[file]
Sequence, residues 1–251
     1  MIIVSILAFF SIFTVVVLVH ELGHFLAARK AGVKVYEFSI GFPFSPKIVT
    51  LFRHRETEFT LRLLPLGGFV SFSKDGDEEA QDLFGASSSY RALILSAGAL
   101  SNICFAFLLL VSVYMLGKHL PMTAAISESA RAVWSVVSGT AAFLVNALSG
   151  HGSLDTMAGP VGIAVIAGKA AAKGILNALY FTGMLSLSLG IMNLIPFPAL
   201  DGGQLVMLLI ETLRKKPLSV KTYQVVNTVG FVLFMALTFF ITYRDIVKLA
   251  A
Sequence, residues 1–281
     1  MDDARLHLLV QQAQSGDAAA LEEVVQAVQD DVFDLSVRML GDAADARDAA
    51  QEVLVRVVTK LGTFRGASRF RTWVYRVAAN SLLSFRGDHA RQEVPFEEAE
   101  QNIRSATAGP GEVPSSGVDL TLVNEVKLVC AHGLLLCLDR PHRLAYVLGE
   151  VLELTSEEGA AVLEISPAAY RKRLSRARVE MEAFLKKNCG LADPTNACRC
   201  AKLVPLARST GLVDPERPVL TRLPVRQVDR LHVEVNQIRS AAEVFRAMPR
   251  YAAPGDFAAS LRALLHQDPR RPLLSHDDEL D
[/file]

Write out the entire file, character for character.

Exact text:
Sequence, residues 1–251
     1  MIIVSILAFF SIFTVVVLVH ELGHFLAARK AGVKVYEFSI GFPFSPKIVT
    51  LFRHRETEFT LRLLPLGGFV SFSKDGDEEA QDLFGASSSY RALILSAGAL
   101  SNICFAFLLL VSVYMLGKHL PMTAAISESA RAVWSVVSGT AAFLVNALSG
   151  HGSLDTMAGP VGIAVIAGKA AAKGILNALY FTGMLSLSLG IMNLIPFPAL
   201  DGGQLVMLLI ETLRKKPLSV KTYQVVNTVG FVLFMALTFF ITYRDIVKLA
   251  A
Sequence, residues 1–281
     1  MDDARLHLLV QQAQSGDAAA LEEVVQAVQD DVFDLSVRML GDAADARDAA
    51  QEVLVRVVTK LGTFRGASRF RTWVYRVAAN SLLSFRGDHA RQEVPFEEAE
   101  QNIRSATAGP GEVPSSGVDL TLVNEVKLVC AHGLLLCLDR PHRLAYVLGE
   151  VLELTSEEGA AVLEISPAAY RKRLSRARVE MEAFLKKNCG LADPTNACRC
   201  AKLVPLARST GLVDPERPVL TRLPVRQVDR LHVEVNQIRS AAEVFRAMPR
   251  YAAPGDFAAS LRALLHQDPR RPLLSHDDEL D